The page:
Christ Church honors longtime member with garden dedication

Christ Church honors longtime member with garden dedication

Ninety-three-year-old Elaine DaRosa, a longtime member of Christ Church, in Lincoln, is honored during ceremonies dedicating an arbor in the memorial garden in her name. She is founder of the memorial garden, which is on the church grounds. At right, The Rev. Veronica Tierney officiates at the ceremony. (Breeze photos by Charlie Lawrence)

LINCOLN – As a young girl, Elaine (Duarte) DaRosa, now 93, would glance back and look for her father while she sat in the pews at Christ Church in Lincoln after Sunday school class.

“He’d be watching me to make sure that I behaved,” she said with a chuckle, explaining that he always chose the same seat for each service.

Since her days as a young child, when she stood on the kneeling pews in order to see, DaRosa has committed much of her time to the church, serving on various committees, leading and teaching Sunday school and developing the memorial garden on the church grounds. Recently, the congregation decided it was time to give back to her.

An arbor at the church’s memorial garden, an area dedicated to the interment of cremated remains, was dedicated last Sunday, Sept. 10, in DaRosa’s honor.

DaRosa, a Lincoln native who was a member of the church’s altar guild for 75 years, described the garden area as a spot with a calming atmosphere.

“The serenity that is there is felt by everyone,” said DaRosa, who now lives in North Kingstown.

Though the garden beside the church at 1643 Lonsdale Ave. is next to a busy street in Lincoln, DaRosa said, “When you sit there, you don’t even hear the traffic.”

It was her idea in the 1990s to create this place that she and parish administrator Kimberly Allard called a peaceful spot to reflect. DaRosa traveled around the state, taking photos and documenting details about other memorial gardens in Rhode Island, and proposed the idea to the congregation, which DaRosa said enthusiastically supported the project.

The garden was officially dedicated almost 20 years ago, on Nov. 22, 1998, as sacred ground, DaRosa said. More than 100 engraved bricks are installed at the spot, dedicated to congregation members, and several people are interred there, she explained. She knew each of them.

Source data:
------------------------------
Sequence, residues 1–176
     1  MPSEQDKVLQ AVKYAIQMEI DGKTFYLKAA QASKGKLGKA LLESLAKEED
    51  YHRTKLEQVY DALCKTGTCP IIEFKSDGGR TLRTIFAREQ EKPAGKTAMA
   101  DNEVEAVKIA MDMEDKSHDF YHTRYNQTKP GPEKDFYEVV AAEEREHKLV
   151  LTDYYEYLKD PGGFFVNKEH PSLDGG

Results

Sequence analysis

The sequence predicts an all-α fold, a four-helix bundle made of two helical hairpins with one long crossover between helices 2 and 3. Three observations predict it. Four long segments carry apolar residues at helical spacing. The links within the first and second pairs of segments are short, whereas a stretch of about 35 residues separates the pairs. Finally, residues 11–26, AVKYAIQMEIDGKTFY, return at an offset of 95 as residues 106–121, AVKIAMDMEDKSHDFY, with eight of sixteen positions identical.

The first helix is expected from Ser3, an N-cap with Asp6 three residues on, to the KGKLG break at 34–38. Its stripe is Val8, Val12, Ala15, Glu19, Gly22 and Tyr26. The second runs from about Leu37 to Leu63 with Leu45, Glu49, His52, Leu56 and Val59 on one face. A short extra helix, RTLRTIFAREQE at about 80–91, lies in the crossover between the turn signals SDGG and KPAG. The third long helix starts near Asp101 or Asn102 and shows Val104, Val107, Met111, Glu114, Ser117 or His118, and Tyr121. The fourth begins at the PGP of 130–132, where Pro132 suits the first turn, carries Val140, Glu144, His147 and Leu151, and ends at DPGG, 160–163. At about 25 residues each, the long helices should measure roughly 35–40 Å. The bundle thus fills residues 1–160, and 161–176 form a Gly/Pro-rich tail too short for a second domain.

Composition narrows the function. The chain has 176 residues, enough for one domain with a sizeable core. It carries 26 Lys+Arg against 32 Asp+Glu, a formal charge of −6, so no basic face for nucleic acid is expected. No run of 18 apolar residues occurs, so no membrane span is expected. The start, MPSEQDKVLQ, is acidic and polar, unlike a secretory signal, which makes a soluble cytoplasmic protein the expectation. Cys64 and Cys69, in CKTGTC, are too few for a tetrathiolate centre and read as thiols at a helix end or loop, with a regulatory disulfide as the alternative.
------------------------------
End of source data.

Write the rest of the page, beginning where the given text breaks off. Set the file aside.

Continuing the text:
DaRosa met congregation members while attending Christ Church, but also while holding several roles at the church.

She served on the “Mr. and Mrs. Club” committee, a group that organized trips for couples to get together, and on the altar guild. She was the superintendent and a former teacher at the church’s Sunday school in the 1950s and 1960s, a junior warden and served on the vestry as well.

DaRosa was confirmed at Christ Church, and later married her husband, Jack, at the church in 1941. Each of her three daughters were baptized, confirmed and married at the church, she said, and one of her daughters, Valerie Breault of Lincoln, still attends services there.

Four generations of DaRosa’s family have been involved at Christ Church, she explained – she has eight grandchildren, and 13 great-grandchildren.

Though she lives in the South County area now, DaRosa still makes the trip to Lincoln for special occasions and holidays, like last Sunday’s service that was followed by a ceremony in the memorial garden, dedicating the arbor in DaRosa’s name.

Two teak benches provide a place for people to sit and reflect, DaRosa said, and were installed in memory of loved ones by Donna MacPherson and Irene Soar. A third bench, made of granite, was installed by Barbara and Jim Semenkow, DaRosa said, in memory of Barbara’s brother.

The area is dotted with flowering shrubs and trees, installed by loved ones at the church, DaRosa said, and the creation of the garden was made possible after a committee was formed to see the project through.

Landscape architect Andrew Schlenker, George Smith, a general contractor, Steven Popovich of Lincoln Gardens, Jay Moore, Gladys Baker and Walter Scott were all members of the board, DaRosa said, and David O’Connor and Jim and Carolyn Woods have been an integral part of maintaining the garden, planting new flowers and cutting and fertilizing the lawn area, DaRosa said, since she retired from her role with the church.

“I hope people continue to put in memorial bricks, because I would hate for some child, becoming an adult ... walking out there one day and saying, ‘Gee, where is my grandmother? She was here all her life,’” DaRosa said.

She said she hopes the garden is maintained the same way for future generations, and encouraged everyone to request an engraved brick, whether it bear the date of a marriage, honor children or parents, or memorialize someone.

Upon hearing that the area would be dedicated in her honor, DaRosa said she was overwhelmed.

Allard said DaRosa is always happy to be at the church to see her friends, and always does so with a smile.

She said she’s hoping that with this dedication, DaRosa “will understand how much she’s loved here,” and that all of the work she’s done is cherished.

Elaine DaRosa is overcome with emotion during the dedication ceremony.